I first heard of the Robber’s Cave Experiment in Don Beck’s Spiral Dynamics book (people are sighing, no more SD… Again, bear with me) – I didn’t know at the time what it meant although as it had such an intriguing title – made me think of pirates, smugglers and caves (a weird cocktail of Enid Blyton and Pirates of the Caribbean) I made a mental note to investigate; I came across the term again yesterday and read more.
Unfortunately, it has nothing whatsoever to with robbers or caves although the reality is far from mundane.
In 1954 two American Social Psychologists, Muzafer Sherif and Carolyn Wood Sherif took a group of young ‘normal’ adolescent boys and split them into two teams; each not knowing of the others’ existence; the venue was the Robber’s Cave State Park in Oklahoma.
Essentially, they showed that it is quite easy to get disparate groups of people – the same applies to adults as children, and combine into a teams that compete, especially when there is limited resource or a solitary prize; the camp ‘supervisors’ who were psychology students oversaw and manipulated the situations.
Very soon after the initial group forming and norming – that is acquiring their own identity and set of particular behaviours and beliefs, perhaps team name, symbols and leader, they were launched into competition with the other group.
Rapidly divisions arose between them and us and just like our current political divide people argue and fight over even the most trivial of things; my vote or yours, my opinion, my way or the…
Humans have an incredible ability to group – this is our social, gregarious nature and equally, once that bond is formed it can be stunningly powerful, enough to keep people together even when they realise that they are either being manipulated (Brexit) or don’t want to continue.
A few blogs ago I wrote about the second level of the spiral – purple, this is the level of tribe and compared this with the Jewish sanction of excommunication; of pretending as if the person who is your son or daughter, husband or wife no longer exists and this being in many respects a punishment worse than anything and sufficient to maintain the in-group and order through the most restrictive and difficult times.
In the two groups they subsequently learned that the only way to restore cohesion was not to just force them to share the same accommodation or play together, but to generate a common goal, one which could only be achieved by collaboration – for example, an existential threat has the ability for people to put aside their differences and get on with things.
I was talking recently to my son about this; his cynical interpretation was, ‘Should we have another World War?’ – given that WW2 has led to the longest period, in modern times of global peace and prosperity we have known (so long as you aren’t in one of the countries neglected or manipulated by the West.)
Unfortunately, or gosh, fortunately, war is no longer feasible; at least along the lines of 1914 or 39; we would very quickly destroy everything, we use battles of words these days which are far less harmful (mostly), yet, they don’t have the value of bringing us together – even, the threat of Climate Change has still not penetrated the thick skulls of some national leaders (what more do they want?)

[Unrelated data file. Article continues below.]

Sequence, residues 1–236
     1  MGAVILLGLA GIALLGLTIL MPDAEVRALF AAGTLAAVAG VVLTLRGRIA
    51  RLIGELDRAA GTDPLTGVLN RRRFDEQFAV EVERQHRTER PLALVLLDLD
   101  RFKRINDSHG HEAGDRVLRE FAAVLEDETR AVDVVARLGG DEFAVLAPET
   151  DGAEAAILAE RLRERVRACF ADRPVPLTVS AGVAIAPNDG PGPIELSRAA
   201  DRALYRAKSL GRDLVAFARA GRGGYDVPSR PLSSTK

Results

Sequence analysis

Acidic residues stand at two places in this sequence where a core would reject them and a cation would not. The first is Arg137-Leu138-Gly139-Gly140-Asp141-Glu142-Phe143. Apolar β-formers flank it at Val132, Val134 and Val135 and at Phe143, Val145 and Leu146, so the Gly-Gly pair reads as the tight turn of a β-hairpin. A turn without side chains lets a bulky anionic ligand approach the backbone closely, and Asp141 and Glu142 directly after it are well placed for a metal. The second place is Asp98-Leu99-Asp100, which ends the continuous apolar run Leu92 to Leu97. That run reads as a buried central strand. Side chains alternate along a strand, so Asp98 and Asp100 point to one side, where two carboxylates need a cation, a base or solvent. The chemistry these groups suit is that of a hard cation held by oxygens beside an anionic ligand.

It was my friend Claudius who made me consider the current UK political situation in this light; we have Left and Right, fighting, squabbling, in ways that would be embarrassing were they children when the super-ordinate goal (the big one that unifies us) hasn’t been defined.
Part of this is perhaps the times; for although we (citizens of the UK), the fifth largest economy in the world have some of the greatest deprivation and variations in life expectancy the general theme is we are OK.
I saw a kid crossing the road yesterday; smartphone in hand. It struck me that I have noticed far fewer crazy teenage jay-walkers recently and it made me wonder whether the fear of having their phones damaged has made them pay more attention to the world (when the machine itself hasn’t taken over and absorbed them wholly at which point anything can happen). The addictive phone moment is the Opium that was once religion.
So long as the material flow of things, either in cash or on credit continues we are unlikely to feel a significant pinch; like the boiling-frog concept, time passes too slowly for most to notice.
Before we know it, October 2019 will have happened and nothing has developed or changed, we are still as divided as in 2016 (the UK that is), despite the reality that we are en-masse participants in a Robber’s Cave Experiment that is UK democracy.
We prefer to fight and disagree than collaborate;
What will it take?
In the Robber’s Cave, the kids came together in the end by finding a goal that could only be achieved in collaboration – as a team and it is just as likely that society will only progress if we (that is people, UK citizens, Europeans or whatever) find a similar goal – realising that division tears us apart and no one can win at such times.
This does all relate to the spiral and I will return to explaining/defining the different levels shortly; for now, most people still I imagine believe that I am investing in Cloud-cuckoo-land.
There is a point to all of this.
You can see a film of the study here.
One thought on “The Robber’s Cave”
What an interesting experiment. Do we never learn? What will now ease the poverty inequalities and what will bring the political divisions together? So much almost worship of individual power, status riches, given so much attention by newsfeed and other programmes.
There are excellent individuals and groups working from the ground up as it were, such as Project Echo, camerados.org and others – support them !